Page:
Woody Allen’s bad personal choices had at least one major artistic ramification: he could no longer collaborate with Mia Farrow. The Purple Rose of Cairo might have been filed with his relatively minor films if not for her (though, to be fair, her presence didn’t rescue Broadway Danny Rose or Alice from that file). Her performance as Cecilia, a Depression-era victim of domestic abuse who finds solace escaping into movies—or specifically, one particular movie called The Purple Rose of Cairo—elevates the film of the same name to one of Allen’s very best.
The magical conceit is that the movie ends up escaping into Cecilia’s world when minor character Tom Baxter (Jeff Daniels) takes notice of the woman who keeps coming to see his movie and decides to step off the screen to be with her. The brilliance of the conceit is that there is no question about whether or not this is Cecilia’s fantasy; it is not and we see the hilarious ways the film’s other characters (who, we are told, are not human), producers, and audiences deal with Baxter’s strange leap. Meanwhile, the character expects the real world to function as smoothly as the movies. He’s baffled when he tries to escape from a restaurant where he tried to pay for dinner with phony movie money by getting behind the wheel of a random car that does not automatically start up as soon as he presses the gas.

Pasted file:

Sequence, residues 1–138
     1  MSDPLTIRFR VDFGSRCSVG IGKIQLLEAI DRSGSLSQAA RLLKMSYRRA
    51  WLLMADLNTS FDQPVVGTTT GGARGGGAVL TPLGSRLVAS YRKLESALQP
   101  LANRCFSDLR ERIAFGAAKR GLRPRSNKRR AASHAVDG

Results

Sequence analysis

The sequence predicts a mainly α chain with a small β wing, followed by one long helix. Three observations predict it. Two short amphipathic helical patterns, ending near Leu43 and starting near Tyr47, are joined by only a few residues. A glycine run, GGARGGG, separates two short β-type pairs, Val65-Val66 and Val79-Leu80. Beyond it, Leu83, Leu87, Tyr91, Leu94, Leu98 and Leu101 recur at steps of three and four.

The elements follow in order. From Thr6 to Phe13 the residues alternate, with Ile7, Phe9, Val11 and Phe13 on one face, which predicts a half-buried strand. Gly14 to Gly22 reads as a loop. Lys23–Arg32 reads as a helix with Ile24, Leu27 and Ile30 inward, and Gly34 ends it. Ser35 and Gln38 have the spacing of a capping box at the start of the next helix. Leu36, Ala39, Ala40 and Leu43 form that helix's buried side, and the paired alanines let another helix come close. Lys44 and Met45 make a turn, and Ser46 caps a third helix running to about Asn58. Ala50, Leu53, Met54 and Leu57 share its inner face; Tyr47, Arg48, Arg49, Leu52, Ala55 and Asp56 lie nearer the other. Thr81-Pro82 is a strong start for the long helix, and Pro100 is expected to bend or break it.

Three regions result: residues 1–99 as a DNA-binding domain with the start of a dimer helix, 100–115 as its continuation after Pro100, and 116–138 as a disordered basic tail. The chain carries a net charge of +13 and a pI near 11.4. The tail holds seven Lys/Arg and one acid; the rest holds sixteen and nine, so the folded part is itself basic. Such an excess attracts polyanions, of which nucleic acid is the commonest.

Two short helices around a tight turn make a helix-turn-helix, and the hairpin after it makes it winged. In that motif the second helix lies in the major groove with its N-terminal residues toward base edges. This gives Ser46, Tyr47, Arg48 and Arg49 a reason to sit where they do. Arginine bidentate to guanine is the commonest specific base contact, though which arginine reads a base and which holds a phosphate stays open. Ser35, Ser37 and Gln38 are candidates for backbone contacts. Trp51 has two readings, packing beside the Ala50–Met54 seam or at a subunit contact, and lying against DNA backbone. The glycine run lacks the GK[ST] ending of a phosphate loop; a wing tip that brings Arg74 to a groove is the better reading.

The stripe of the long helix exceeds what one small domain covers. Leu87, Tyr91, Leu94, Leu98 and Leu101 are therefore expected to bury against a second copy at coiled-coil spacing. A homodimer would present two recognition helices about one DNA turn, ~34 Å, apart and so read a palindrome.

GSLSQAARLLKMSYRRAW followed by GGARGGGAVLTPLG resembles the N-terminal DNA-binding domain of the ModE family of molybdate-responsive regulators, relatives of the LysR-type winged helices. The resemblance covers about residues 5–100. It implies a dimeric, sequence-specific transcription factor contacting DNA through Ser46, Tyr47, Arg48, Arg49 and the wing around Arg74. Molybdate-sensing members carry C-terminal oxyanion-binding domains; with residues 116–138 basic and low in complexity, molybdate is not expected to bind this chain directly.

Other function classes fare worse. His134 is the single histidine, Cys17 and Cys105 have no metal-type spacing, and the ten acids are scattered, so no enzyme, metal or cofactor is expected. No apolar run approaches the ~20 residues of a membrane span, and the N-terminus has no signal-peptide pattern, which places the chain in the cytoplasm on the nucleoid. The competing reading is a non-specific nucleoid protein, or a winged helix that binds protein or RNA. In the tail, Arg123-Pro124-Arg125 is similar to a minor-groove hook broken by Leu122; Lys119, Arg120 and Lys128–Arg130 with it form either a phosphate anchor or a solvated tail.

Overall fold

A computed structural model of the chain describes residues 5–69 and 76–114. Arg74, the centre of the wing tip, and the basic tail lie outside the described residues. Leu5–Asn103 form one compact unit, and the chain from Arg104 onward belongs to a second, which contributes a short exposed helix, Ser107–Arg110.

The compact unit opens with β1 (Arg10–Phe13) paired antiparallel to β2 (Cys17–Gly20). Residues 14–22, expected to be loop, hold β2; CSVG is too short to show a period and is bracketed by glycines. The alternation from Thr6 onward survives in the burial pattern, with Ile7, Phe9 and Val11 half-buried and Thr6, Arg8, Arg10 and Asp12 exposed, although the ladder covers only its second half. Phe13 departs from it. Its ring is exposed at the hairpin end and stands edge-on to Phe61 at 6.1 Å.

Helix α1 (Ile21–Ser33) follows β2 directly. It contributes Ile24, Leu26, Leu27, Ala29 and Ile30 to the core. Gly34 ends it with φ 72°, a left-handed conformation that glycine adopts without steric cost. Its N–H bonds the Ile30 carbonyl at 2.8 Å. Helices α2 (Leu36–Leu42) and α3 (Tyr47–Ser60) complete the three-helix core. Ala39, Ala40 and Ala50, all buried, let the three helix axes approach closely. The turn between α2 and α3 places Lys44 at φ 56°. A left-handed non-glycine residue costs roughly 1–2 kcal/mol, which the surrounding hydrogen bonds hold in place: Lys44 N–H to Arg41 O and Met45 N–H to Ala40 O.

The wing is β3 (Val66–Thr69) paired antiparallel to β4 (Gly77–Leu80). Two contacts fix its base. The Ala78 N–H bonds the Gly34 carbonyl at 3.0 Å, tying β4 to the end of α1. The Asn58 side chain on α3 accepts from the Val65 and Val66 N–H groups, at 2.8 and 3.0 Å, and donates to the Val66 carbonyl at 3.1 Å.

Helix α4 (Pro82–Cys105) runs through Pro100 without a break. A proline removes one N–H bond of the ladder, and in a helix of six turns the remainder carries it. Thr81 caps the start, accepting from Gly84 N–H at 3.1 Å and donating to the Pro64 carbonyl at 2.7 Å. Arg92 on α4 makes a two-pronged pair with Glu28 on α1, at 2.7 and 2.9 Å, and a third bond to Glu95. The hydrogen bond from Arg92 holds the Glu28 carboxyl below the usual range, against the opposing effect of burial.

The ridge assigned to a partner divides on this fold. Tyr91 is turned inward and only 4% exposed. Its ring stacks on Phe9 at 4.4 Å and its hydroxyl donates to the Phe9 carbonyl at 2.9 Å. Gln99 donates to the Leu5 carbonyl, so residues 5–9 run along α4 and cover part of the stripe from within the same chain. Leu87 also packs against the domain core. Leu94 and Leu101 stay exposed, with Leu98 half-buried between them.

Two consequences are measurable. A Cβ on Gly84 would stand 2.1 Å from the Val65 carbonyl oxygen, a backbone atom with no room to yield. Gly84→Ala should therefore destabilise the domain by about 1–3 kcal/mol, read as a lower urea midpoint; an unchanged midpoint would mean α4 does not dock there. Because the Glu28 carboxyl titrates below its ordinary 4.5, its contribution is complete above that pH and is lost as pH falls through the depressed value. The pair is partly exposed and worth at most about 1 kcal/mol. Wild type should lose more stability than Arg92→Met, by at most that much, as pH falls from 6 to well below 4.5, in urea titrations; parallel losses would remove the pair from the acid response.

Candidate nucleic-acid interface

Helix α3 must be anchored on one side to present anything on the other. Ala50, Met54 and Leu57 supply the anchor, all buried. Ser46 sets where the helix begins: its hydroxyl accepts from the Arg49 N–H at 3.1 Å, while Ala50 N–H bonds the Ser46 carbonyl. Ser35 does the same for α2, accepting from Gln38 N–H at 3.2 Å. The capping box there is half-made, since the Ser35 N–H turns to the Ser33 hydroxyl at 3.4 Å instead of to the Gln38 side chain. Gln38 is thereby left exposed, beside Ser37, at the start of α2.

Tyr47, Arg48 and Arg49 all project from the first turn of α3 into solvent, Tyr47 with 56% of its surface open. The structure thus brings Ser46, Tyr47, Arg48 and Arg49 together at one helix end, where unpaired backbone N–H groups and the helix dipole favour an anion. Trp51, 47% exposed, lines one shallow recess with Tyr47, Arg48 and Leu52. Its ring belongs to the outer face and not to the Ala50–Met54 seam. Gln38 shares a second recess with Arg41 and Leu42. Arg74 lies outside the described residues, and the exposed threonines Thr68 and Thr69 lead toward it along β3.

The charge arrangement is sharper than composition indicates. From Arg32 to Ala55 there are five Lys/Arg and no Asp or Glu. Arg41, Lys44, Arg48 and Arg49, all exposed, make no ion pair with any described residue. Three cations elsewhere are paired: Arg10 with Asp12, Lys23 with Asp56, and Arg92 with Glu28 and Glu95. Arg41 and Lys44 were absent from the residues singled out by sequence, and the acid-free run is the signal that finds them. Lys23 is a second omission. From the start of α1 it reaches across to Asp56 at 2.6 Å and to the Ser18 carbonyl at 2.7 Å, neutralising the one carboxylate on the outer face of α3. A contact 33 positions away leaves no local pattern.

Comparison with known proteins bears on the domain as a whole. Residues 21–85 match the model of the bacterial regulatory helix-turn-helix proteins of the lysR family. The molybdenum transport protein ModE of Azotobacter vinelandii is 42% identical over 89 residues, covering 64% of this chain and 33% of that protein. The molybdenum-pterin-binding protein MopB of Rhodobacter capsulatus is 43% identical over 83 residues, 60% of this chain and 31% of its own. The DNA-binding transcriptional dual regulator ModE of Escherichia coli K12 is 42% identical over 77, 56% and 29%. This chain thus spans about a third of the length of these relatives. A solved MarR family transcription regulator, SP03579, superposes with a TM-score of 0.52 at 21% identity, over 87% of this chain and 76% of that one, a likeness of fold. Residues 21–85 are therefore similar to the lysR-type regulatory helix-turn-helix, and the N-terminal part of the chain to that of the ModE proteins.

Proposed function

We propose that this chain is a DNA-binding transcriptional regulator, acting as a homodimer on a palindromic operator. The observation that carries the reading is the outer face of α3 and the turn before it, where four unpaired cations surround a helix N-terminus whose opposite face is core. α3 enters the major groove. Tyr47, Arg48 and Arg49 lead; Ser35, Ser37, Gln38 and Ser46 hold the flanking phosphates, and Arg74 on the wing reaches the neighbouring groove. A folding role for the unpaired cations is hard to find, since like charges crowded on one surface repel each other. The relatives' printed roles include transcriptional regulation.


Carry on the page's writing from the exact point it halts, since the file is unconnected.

This is basically Woody Allen’s take on the popular eighties trope of an alien falling in love with a normal person (see Starman, Splash, E.T., etc.), and it plays out with the director’s signature pathos, humor, and honesty—he may love those old Hollywood movies as much as Cecilia does, but like her he ultimately refuses to accept escapism as a viable way to live. Yet it is Farrow who truly sells the conceit with Cecilia’s wide-eyed openness, infectious love of the movies, and underlying sadness. Annie Hall may be Allen’s best movie, and Bananas may be his funniest, but The Purple Rose of Cairo is my favorite. It comes to blu-ray from Twilight Time, though the film’s soft, sepia aesthetic is not the greatest for showcasing the wonders of hi-def. Still, the disc looks true to the film and is only occasionally invaded by a white speck or two. As usual for Twilight Time, there is an isolated music score track, and as usual for a Woody Allen home video, there are no other extras.
Get The Purple Rose of Cairo blu-ray on Screen Archives.com here.